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Exploring the Route of the North Pacific Coast Railroad Part 1- by Rachel Hood

By Rachel Hood

We are standing next to the ferry terminal in Sausalito, looking at the ornate fountain in Viña del Mar Park created for the 1915 San Francisco World's Fair. In this very spot there was once a railroad terminal, the beginning of a journey toward the ocean and the redwood forests of Marin and Sonoma Counties. The North Pacific Coast Railroad may be long gone, but passengers in the 1920s who took the ferry from San Francisco to Sausalito and transferred to the train would have seen this same fountain.

We bicycle along the old train route next to the Bay, a proposed part of the North Pacific Coast Railroad Heritage Trail, adhering closely to the shoreline. We see marinas with beautiful boats, a park with paddle boarders, and unusual, colorful houseboats. Our winding route gives us expansive views of the Bay, from the Tiburon peninsula to Angel Island to the city of San Francisco, sharp lines of skyscrapers punctuating the otherwise gradual transitions between land and water.

We pass by the San Francisco Bay Model, a scale model of the Bay that simulates tides and currents and shows the movement of water from California’s mountains through the Central Valley and Sacramento River Delta out to the Golden Gate. In the 1800s, this part of Sausalito between Richardson Bay and Bridgeway housed rail yards and repair shops that were transformed into shipyards during World War II. Now, it is a patchwork landscape of shops, parks, warehouses, and restaurants.

The northern end of Sausalito brings us to the wetland called Bothin Marsh, where constantly changing tides make each visit unique. The multi-use path through this area is great for bicycling, bird watching, jogging, dog walking, or simply strolling and taking in the sights. Continuing northward for a few miles to a "No Outlet" sign, the trail turns from pavement to dirt and quickly becomes overgrown. In railroad days, the North Pacific Coast train continued on this path and into the Alto Tunnel, emerging on the other side in Corte Madera. Since the North Pacific Coast Railroad stopped operating in the 1930s, the tunnel has largely been left to decay. An ongoing study is determining the cost and feasibility of renovating and reopening the tunnel. Groups like Friends of Alto Tunnel are actively working to reopen the tunnel, an important connecting piece in the network of multi-use paths in Marin County.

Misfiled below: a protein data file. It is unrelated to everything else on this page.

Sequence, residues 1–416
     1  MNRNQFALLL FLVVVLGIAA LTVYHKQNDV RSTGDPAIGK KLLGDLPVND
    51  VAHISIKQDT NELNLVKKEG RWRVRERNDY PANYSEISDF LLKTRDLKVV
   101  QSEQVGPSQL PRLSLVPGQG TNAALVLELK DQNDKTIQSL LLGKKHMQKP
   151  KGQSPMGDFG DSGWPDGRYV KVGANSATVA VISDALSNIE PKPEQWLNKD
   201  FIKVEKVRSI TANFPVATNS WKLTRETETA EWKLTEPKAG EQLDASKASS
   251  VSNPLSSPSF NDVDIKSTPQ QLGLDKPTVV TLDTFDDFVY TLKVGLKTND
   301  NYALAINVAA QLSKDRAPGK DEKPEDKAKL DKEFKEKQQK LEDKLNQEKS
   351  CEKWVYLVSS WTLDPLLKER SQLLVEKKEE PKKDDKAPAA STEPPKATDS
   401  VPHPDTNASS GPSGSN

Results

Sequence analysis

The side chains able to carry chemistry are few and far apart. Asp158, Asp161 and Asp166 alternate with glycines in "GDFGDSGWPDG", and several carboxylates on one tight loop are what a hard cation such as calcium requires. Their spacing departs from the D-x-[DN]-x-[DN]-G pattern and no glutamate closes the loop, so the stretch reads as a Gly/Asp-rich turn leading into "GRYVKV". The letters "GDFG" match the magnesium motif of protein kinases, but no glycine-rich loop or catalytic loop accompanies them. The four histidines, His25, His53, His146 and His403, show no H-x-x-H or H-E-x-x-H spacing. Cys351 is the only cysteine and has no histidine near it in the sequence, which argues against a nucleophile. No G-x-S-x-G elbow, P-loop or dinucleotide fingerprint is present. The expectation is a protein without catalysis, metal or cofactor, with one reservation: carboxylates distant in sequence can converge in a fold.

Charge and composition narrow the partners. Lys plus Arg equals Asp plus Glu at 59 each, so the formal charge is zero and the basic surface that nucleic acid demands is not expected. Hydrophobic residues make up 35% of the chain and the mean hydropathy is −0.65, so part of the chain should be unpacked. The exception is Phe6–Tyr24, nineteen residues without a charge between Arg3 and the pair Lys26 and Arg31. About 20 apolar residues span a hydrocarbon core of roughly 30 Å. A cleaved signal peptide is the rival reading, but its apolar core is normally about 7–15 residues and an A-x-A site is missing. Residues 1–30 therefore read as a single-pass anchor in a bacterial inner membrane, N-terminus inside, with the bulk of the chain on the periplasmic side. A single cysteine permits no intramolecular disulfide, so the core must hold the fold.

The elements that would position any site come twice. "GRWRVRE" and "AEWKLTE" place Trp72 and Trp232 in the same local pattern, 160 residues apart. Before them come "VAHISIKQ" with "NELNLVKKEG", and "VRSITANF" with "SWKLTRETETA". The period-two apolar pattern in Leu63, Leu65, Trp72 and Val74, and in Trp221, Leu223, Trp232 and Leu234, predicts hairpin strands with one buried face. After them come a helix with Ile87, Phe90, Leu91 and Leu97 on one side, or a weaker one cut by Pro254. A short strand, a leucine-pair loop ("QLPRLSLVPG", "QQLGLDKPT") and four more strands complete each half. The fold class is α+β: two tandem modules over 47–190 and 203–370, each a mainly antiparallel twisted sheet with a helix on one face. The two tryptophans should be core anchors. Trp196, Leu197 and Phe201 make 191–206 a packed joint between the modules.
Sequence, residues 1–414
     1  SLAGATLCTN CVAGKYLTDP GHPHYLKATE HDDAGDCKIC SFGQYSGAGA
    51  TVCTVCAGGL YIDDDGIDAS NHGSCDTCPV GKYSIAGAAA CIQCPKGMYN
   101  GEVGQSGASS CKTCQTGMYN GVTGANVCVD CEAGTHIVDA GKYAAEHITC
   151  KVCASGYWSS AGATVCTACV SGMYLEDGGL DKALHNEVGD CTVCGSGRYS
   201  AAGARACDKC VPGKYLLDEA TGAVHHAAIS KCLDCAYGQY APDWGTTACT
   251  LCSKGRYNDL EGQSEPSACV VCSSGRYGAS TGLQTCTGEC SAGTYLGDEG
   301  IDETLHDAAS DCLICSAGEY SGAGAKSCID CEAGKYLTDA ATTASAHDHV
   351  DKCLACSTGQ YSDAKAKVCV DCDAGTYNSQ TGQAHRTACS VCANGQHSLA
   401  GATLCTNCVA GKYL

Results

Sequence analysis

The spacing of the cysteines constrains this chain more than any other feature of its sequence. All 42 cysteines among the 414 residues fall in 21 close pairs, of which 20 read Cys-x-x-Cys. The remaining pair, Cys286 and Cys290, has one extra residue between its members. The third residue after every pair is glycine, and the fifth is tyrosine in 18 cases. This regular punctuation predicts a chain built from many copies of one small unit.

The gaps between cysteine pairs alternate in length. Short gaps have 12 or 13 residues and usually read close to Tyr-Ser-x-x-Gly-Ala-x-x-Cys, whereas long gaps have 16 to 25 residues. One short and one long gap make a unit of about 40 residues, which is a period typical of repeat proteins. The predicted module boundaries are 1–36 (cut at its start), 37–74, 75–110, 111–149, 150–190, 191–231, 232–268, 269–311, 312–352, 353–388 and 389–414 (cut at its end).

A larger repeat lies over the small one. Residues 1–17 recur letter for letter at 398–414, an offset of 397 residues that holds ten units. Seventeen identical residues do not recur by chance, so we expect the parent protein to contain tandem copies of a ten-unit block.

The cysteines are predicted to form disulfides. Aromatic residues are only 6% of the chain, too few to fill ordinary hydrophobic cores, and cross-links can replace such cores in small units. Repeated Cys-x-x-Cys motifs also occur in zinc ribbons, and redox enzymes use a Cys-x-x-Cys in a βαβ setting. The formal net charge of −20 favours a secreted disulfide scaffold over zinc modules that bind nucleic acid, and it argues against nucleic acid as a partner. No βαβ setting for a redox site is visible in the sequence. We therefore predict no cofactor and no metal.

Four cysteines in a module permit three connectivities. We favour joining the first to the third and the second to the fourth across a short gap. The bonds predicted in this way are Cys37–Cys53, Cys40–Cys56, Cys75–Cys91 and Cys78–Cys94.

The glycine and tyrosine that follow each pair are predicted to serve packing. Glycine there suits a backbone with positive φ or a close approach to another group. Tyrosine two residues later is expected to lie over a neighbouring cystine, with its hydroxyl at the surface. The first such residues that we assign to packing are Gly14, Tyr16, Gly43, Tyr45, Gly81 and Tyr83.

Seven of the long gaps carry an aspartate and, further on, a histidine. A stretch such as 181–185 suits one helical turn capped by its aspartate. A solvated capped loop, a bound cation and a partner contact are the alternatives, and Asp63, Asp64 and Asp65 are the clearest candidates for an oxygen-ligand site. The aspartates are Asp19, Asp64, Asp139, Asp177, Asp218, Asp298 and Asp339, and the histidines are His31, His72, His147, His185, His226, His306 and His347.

For now, we detour north of Alto Tunnel, where the path continues through residential neighborhoods in Corte Madera that used to be served by electric passenger streetcars. An old power plant for the railroad still stands near where the multi-use path splits in Larkspur's Baltimore Park. At this junction, the westward branch leads to Ross and points further west, while the eastward branch connects with the Larkspur ferry and SMART (Sonoma-Marin Area Rail Transit) train station, expected to open in 2019 and with connections north into Sonoma County.

This article is the first in a series tracing the route of the old North Pacific Coast Railroad north to the Russian River and beyond. This railroad was a key link that helped shape the development of the North Bay. Today, its route represents not only a travel back through time, but a unique way to experience Marin and Sonoma Counties. EcoRing, a green travel organization in the North Bay, advocates stitching together existing pathway segments and extending the route on publically owned portions of the original route to the Russian River. For more information visit

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